"Ich habe weniger Münzen als er."

Translation:I have fewer coins than he has.

February 12, 2013



is there a comparative for quantifiable nouns and one for unquantifiable ones or we need to use weniger for both "less" and "fewer" comparative?

February 12, 2013


"weniger" is both "less" and "fewer".

February 12, 2013


Any thoughts on why is it 'er' in the end and not 'ihm'?

August 10, 2014


Because it is the subject of a (rather short) auxiliary sentence. The English version should also be "he", as per pedantic grammar.

> I have fewer coins than he has.

September 10, 2014


Well, I think the thoughts are pretty obvious: because it is a subject and not an object (Dativ). On top of that, if you are a native speaker of English you probably know that in "proper" English grammar you are supposed to say "than he (has)" and not "than him".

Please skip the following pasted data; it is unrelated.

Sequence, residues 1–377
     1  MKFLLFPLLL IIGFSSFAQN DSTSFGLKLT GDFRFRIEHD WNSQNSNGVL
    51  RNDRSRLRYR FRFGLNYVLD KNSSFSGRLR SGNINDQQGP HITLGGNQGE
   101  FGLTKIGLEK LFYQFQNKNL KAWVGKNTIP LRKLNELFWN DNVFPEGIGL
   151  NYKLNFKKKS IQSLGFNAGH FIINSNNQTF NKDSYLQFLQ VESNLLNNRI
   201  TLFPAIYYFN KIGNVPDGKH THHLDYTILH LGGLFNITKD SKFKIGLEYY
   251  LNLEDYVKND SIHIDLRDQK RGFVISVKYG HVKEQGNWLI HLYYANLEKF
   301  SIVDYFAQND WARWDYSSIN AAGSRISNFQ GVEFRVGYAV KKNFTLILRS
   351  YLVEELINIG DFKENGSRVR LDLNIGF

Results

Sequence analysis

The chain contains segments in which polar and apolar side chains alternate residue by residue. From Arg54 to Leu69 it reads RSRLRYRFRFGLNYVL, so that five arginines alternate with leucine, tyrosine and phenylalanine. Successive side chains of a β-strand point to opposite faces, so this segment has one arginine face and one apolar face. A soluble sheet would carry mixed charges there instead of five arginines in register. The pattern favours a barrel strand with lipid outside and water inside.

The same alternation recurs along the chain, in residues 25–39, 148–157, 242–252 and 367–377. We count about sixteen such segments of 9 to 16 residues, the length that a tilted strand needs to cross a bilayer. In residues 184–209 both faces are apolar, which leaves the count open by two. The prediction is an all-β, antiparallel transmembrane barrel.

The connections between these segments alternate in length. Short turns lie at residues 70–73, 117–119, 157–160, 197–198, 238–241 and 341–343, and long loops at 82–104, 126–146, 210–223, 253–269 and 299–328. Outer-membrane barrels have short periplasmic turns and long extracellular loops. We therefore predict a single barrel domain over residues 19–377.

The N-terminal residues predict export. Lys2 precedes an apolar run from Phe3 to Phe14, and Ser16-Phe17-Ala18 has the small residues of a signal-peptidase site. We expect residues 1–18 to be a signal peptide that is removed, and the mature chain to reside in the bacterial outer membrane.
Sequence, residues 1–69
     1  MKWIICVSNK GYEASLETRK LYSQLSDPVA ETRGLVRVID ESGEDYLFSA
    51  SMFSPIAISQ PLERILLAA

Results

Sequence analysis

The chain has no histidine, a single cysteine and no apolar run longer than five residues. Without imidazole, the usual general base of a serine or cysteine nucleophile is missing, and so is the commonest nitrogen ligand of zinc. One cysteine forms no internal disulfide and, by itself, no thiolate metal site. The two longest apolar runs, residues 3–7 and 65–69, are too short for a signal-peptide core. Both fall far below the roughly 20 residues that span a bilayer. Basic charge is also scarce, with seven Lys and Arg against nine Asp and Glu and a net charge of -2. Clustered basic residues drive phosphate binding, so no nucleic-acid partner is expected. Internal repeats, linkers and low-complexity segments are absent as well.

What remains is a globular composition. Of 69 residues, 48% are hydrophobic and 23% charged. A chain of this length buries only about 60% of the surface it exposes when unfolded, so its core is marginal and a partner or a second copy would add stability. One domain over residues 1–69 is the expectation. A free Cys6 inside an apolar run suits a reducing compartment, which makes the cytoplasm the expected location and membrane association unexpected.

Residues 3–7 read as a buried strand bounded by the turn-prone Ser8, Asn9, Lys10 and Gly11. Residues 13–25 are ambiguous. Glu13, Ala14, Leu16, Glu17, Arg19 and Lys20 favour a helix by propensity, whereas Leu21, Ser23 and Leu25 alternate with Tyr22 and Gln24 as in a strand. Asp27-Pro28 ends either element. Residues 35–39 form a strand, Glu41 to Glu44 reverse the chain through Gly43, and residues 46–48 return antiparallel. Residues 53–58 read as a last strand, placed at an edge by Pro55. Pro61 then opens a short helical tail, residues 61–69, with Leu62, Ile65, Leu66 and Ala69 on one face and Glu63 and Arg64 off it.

March 29, 2019


The nominative case "er" maintains the grammar and the logic of the sentence, because "als" is a conjunction, not a preposition. "than him" is typical of colloquial English, which puts pronouns into the accusative case when they follow anything that looks at all like a preposition.

August 21, 2018


weniger is not inflected?

February 13, 2014


would it also be acceptable in English to substitute "coins" for "change" or is there a different word used in German for that? In English the two are used interchangeably when speaking of money

June 1, 2013


There's "das Wechselgeld", but this may include banknotes as well.

June 1, 2013


"Coins" and "Change" aren't used interchangeably in English. "Change" may include banknotes, like "das Wechselgeld" in German.

March 6, 2019


Should be "than he," even though "than him" is in common parlance.. It sounds dumb to say "him" when the German grammar is correct.

June 9, 2018


I would say "than he does." It's still correct but doesn't sound archaic the way "than he" sounds.

October 22, 2018
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